The review embargo on Antoine Fuqua’s much talked about runaway slave drama Emancipation lifted Wednesday night and early critics’ reaction to the Apple Original Films feature is decidedly mixed.
Critics praised EmancipationThe cast of Will Smith, the film’s controversy-stricken star, received applause along with his co-stars Ben Foster and Charmaine Bingwa. There was also praise for the montage of the survival thriller, and the different approach to the subject was appreciated. But some critics took issue with the film’s unrelenting brutality and look, with questions about Robert Richardson’s stylized cinematography and sparse script.
the hollywood reporterLovia Gyarkye writes that Emancipation it treats Peter’s escape and journey well, but the film is “hampered by a spare, spiritless script”. Gyarkye feels that the current real-world reality of a growing refusal to confront the horrors of slavery or attempts to rewrite history in some states in the US is disappointing when they don’t amount to much more than Oscar bait.”
Justin Chang, writing in the Los Angeles TimesI felt that Emancipation it couldn’t do justice to the true story of “Whipped Peter”, and had particular problems with Robert Richardson’s muted cinematography which, in its view, was at odds with the survival thriller Fuqua was seeking. “The further the film moves from Peter’s perspective, the more it undermines his own tension,” Chang writes.
The Guardian‘s Peter Bradshaw was more effusive in his praise for Emancipation. In a four-star review, Bradshaw writes that Smith brings dignity and movie-star presence to a historical figure like Peter and that the film overall “works very efficiently as a thriller,” even if the third act isn’t quite as strong. “Perhaps the final confrontation with the hated Fassel is disappointing, given that it has to take place before the third act of Peter’s military enlistment, but this is a strong, ferocious and moving film,” Bradshaw writes.
“Emancipation he means well but is painfully upset,” writes Nick Schager in his review for the daily beast. Schager begins his review by asking if audiences are ready to forgive Smith, but also dwells on the actor’s “wooden” portrayal of Peter as “iconic hero and victim.” “Peter is closer to an emblem than a fully realized human being, which prevents Smith from getting under the character’s traumatized and fierce exterior,” Schager writes. The reviewer also took issue with the direction, writing, “While Fuqua’s characters are archetypal and therefore well suited to a thrilling action-adventure, if not a fully exploitative affair, the director plays things with too serious and majestic to generate any impulse or emotion.”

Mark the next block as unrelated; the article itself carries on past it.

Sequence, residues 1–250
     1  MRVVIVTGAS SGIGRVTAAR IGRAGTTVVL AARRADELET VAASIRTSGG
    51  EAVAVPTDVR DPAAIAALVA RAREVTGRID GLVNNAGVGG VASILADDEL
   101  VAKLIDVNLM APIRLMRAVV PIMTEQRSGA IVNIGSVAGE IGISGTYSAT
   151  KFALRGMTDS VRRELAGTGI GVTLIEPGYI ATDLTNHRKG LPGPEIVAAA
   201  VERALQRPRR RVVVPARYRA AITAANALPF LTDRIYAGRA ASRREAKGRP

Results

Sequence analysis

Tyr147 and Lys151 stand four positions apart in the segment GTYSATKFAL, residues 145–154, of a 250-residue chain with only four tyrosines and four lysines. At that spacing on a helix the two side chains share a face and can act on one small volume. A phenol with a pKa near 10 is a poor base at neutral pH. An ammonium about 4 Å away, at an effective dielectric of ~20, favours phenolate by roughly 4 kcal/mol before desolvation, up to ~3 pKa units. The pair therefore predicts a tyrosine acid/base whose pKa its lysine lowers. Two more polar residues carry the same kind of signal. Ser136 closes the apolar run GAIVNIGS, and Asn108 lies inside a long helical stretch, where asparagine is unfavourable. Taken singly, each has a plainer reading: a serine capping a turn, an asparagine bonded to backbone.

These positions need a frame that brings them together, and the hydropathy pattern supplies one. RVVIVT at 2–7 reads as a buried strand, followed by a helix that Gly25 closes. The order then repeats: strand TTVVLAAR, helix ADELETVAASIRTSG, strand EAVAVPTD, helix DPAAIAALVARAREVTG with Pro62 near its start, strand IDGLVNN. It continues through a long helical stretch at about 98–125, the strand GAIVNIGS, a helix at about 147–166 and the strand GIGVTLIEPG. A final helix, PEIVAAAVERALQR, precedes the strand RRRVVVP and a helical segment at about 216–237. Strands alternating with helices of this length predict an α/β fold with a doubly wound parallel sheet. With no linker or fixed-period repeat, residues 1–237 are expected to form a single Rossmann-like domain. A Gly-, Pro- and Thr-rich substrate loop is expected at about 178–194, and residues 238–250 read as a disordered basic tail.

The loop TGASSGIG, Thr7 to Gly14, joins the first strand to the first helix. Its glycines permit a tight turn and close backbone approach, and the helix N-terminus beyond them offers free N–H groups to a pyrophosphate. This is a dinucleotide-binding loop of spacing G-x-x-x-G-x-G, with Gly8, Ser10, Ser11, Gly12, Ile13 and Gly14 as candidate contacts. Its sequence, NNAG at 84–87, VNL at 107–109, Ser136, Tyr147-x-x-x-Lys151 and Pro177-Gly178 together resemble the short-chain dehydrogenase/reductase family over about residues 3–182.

EmpireJohn Nugent opens his review of Emancipation with the line that “slavery is an almost impossible subject to achieve on screen.” The reviewer says that the precedents of the genre put Fuqua in a bind, so “in order to set the scene, the filmmakers feel compelled to first give us the same gruesome visuals common to almost every movie of this type.” Nugent thought that Smith was exceptional as Peter and felt that the third act, when the film moved away from “relentless inhumanity”, made Emancipation hit his step.
In his review for indiewireDavid Ehrlich described Emancipation as “an overblown B-movie with little gilded delusions of grandeur”. Ehrlich writes that “by virtue of its release date, theme, and star power alone, Emancipation was made to be viewed through the same narrow lens of the system that produced it, and “The Slap”: an existential threat. for any movie. dependent on the Oscars for market enthusiasm, ironically he did even more to get the film into the annual Hollywood horse race at his expense. Ehrlich adds that Smith puts “a simple but committed turn” that smacks of courting Oscar voters.
Richard Roeper, writing in the Chicago Sun TimesI felt that Emancipation It was a decent period action movie let down by excessive and silly moments, but fundamentally I wanted more substance. “It’s a well-made movie with some certainly exciting action sequences, but even after 2 hours and 12 minutes, it feels like we’ve just scratched the surface of this important part of American history,” Roeper writes. The reviewer praised Foster and Bingwa for elevating what were essentially one-dimensional characters.
colliderRoss Bonaime’s admired Smith’s performance in the film. “For an actor who has relied so heavily on his charisma in many of his roles, Emancipation it requires Smith to remain silent and still, filled with anger that is about to erupt, but with a faith that helps him turn away from this righteous anger. Smith has some moments that clearly feel like the Big Oscar Montage, but he’s at his best when he’s quietly reacting to his situation and surroundings,” Bonaime writes. But he adds that the film, “for all its intentions and unusual choices…is drowning under a wooden script full of banality, a director who doesn’t know how to keep the momentum of this story, and clichés bordering on parody.”
Emancipation will open in select theaters on December 2, followed by a worldwide streaming debut on Apple TV+ on December 9.
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